394 || MCELOG_ARGS || `--client` || Parameters passed to `$MCELOG` command || 
    395 || MCELOG_MAX_CORRECTED_RATE || `9` || Maximum number of '''corrected''' MCEs allowed before `check_hw_mcelog()` returns failure || 
    396 || MCELOG_MAX_UNCORRECTED_RATE || `0` || Maximum number of '''uncorrected''' MCEs allowed before `check_hw_mcelog()` returns failure || 
    397 || MDIAG_CMD || `mdiag` || Command to use to invoke Moab's `mdiag` command (may include path) || 
    398 || *NAME || `nhc` || Used to populate default paths/filenames for configuration || 
    399 || NHC_AUTH_USERS || `root nobody` || Users authorized to have jobs running on compute nodes || 
    400 || NHC_CHECK_ALL || `0` || Forces all checks to be non-fatal.  Displays each failure message, reports total number of failed checks, and returns that number. || 
    401 || NHC_CHECK_FORKED || `0` || Forces each check to be executed in a separate forked subprocess.  NHC attempts to detect directives which set environment variables to avoid forking those.  Enhances resiliency if checks hang. || 
    402 || NHC_RM || Auto-detected || Resource manager with which to interact (`pbs`, `slurm`, `sge`, or `lsf`) || 
    403 || NVIDIA_HEALTHMON || `nvidia-healthmon` || Command used by `check_nv_healthmon` to check nVidia GPU status || 
    404 || NVIDIA_HEALTHMON_ARGS || `-e -v` || Arguments to `$NVIDIA_HEALTHMON` command || 
    405 || OFFLINE_NODE || `$HELPERDIR/node-mark-offline` || Helper script used to mark nodes offline || 
    406 || ONLINE_NODE || `$HELPERDIR/node-mark-online` || Helper script used to mark nodes online || 
    407 || PASSWD_DATA_SRC || `/etc/passwd` || Colon-delimited file in standard passwd format from which to load user account data || 
    408 || PATH || `/sbin:/usr/sbin:/bin:/usr/bin` || If a path is not specified for a particular command, this variable defines the search directory order. 
    409 || PBSNODES || `pbsnodes` || Command used by above helper scripts to mark nodes online/offline || 
    410 || PBSNODES_LIST_ARGS || `-n -l all` || Arguments to `$PBSNODES` to list nodes and their status notes || 
    411 || PBSNODES_OFFLINE_ARGS || `-o -N` || Arguments to `$PBSNODES` to mark node offline with note || 
    412 || PBSNODES_ONLINE_ARGS || `-c -N` || Arguments to `$PBSNODES` to mark node online with note || 
    413 || PBS_SERVER_HOME || `/var/spool/torque` || Directory for TORQUE files || 
    414 || RESULTFILE || `/var/run/nhc/$NAME.status` || Used in [#DetachedMode Detached Mode] to store result of checks for subsequent handling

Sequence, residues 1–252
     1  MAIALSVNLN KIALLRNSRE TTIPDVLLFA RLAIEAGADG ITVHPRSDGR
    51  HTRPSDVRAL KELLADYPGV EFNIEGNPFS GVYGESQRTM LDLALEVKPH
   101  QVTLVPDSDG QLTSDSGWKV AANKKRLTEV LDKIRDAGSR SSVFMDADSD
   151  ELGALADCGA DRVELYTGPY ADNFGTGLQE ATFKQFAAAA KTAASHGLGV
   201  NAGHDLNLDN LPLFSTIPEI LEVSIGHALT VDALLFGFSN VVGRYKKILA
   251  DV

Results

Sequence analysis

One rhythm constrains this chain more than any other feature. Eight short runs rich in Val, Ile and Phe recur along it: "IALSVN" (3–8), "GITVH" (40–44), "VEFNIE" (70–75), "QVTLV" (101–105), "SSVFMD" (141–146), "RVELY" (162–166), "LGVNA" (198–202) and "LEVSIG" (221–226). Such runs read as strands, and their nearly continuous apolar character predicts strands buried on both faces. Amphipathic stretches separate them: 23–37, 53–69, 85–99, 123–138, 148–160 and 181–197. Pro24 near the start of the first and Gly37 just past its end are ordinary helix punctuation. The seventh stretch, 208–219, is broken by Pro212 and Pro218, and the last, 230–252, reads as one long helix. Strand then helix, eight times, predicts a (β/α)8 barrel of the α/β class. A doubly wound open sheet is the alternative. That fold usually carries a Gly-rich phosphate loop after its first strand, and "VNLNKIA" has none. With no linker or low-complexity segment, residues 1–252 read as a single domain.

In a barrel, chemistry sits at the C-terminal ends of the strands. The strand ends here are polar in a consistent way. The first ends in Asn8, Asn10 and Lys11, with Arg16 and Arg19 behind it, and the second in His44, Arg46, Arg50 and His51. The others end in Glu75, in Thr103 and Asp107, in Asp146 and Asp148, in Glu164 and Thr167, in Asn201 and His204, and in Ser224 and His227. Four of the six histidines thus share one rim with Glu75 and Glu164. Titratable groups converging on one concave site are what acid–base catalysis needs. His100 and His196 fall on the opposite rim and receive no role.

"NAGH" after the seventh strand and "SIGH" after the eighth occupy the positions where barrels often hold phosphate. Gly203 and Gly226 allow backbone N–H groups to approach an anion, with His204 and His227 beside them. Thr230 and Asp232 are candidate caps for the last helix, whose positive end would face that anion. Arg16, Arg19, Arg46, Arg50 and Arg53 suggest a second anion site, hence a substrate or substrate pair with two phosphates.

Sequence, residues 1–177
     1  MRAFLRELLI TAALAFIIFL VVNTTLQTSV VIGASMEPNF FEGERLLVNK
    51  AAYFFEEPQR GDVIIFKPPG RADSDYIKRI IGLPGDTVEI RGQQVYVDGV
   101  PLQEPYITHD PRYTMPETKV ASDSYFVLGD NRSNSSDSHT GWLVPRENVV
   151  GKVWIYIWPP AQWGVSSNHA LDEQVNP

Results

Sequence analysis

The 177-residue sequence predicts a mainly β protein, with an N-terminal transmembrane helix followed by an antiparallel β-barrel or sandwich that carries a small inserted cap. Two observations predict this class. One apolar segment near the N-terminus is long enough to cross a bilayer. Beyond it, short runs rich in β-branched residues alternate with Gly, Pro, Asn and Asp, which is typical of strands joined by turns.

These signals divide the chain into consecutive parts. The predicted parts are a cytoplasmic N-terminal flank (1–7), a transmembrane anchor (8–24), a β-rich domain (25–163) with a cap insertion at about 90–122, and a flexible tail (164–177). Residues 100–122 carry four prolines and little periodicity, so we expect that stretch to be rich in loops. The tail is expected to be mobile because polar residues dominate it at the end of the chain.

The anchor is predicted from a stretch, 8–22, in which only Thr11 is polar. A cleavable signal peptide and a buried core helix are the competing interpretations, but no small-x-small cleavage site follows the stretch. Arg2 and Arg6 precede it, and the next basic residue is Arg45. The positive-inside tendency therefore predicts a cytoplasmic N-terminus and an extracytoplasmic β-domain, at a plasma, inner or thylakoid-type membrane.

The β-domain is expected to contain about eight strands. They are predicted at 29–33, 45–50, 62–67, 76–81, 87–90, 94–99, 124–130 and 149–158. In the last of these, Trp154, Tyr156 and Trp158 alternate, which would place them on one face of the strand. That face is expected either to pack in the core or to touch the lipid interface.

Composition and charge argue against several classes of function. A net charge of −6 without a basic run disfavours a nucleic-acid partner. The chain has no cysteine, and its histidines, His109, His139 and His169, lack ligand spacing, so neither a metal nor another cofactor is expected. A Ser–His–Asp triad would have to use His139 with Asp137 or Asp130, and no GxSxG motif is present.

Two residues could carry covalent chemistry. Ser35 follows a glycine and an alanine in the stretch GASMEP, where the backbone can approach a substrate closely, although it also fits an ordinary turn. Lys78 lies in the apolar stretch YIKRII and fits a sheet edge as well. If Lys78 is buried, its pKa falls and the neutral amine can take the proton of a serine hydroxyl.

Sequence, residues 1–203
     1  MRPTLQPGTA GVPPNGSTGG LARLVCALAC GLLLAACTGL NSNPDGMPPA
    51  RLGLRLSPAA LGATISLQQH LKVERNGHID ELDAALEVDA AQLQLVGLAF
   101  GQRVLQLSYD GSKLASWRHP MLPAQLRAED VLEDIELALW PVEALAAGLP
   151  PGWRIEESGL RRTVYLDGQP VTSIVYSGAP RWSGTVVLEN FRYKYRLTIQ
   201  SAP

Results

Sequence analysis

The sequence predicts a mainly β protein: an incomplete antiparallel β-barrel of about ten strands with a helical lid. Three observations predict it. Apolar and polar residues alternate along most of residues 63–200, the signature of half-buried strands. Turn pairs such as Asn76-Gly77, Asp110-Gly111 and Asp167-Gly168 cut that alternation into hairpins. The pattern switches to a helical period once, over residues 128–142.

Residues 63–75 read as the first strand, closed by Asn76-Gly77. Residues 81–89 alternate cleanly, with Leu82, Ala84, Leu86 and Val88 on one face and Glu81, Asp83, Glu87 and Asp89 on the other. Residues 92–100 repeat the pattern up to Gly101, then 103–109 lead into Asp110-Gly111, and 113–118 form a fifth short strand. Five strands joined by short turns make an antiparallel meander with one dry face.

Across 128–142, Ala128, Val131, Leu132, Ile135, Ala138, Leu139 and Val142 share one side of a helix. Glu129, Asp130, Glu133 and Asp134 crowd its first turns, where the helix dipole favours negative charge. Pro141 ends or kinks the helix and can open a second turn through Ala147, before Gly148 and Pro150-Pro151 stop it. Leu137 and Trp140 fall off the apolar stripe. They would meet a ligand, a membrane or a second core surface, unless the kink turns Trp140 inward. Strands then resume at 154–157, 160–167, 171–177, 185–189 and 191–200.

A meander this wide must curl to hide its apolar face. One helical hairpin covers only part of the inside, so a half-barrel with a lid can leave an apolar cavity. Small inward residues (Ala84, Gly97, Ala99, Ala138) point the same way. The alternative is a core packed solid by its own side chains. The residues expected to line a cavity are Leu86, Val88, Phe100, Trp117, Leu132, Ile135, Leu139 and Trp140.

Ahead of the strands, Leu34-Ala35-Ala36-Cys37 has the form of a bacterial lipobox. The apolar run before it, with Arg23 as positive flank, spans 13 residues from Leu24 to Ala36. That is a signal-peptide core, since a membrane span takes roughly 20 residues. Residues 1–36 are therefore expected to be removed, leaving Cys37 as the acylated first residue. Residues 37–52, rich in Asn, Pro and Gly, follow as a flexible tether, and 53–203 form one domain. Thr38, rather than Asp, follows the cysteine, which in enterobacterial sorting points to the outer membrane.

415 || RM_DAEMON_MATCH || TORQUE/PBS:  `/\bpbs_mom\b/`[[br]]SLURM:  `/\bslurmd\b/`[[br]]SGE/UGE:  `/\bsge_execd\b/` || Used by `check_ps_userproc_lineage` to make sure all user processes were spawned by the RM daemon || 
    416 || SILENT || `0` || Set to `1` to disable logging via `$LOGFILE` || 
    417 || SLURM_SCONTROL || `scontrol` || Command to use for SLURM's `scontrol` (may include path) || 
    418 || SLURM_SC_OFFLINE_ARGS || `update State=DRAIN` || Arguments to pass to SLURM's `scontrol` to offline a node || 
    419 || SLURM_SC_ONLINE_ARGS || `update State=IDLE` || Arguments to pass to SLURM's `scontrol` to online a node || 
    420 || SLURM_SERVER_HOME || `/var/spool/slurmd` || Location of SLURM data files (see also:  `$JOBFILE_PATH`) || 
    421 || SLURM_SINFO || `sinfo` || Command to use for SLURM's `sinfo` (may include path) || 
    422 || STAT_CMD || `/usr/bin/stat` || Command to use to `stat()` files || 
    423 || STAT_FMT_ARGS || `-c` || Parameter to introduce format string to `stat` command || 
    424 || *TIMEOUT || `30` || Watchdog timer (in seconds) || 
    425 || VERBOSE || `0` || Set to `1` to display each check line before it's executed || 
    426  
    427 '''Example usage:''' 
    428 {{{ 
    429        * || export PATH="$PATH:/opt/torque/bin:/opt/torque/sbin" 
    430   n*.rh6 || MAX_SYS_UID=499 
    431   n*.deb || MAX_SYS_UID=999 
    432   *.test || DEBUG=1 
    433        * || export MARK_OFFLINE=0 
    434        * || NVIDIA_HEALTHMON="/global/software/rhel-6.x86_64/modules/nvidia/tdk/3.304.3/nvidia-healthmon/nvidia-healthmon" 
    435 }}} 
    436  
    437 === Detached Mode === 
    438  
    439 Version 1.2 and higher support a feature called "detached mode."  When this feature is activated in `/etc/sysconfig/nhc` (by setting `DETACHED_MODE=1`), the `nhc` process will immediately fork itself.  The foreground (parent) process will immediately return success.  The child process will run all the checks and record the results in `$RESULTFILE` (default:  `/var/run/nhc.status`).  The next time `nhc` is executed, just before forking off the child process (which will again run the checks in the background), it will load the results from `$RESULTFILE` from the last execution.  Once the child process has been spawned, it will then return the previous results to its caller. 
    440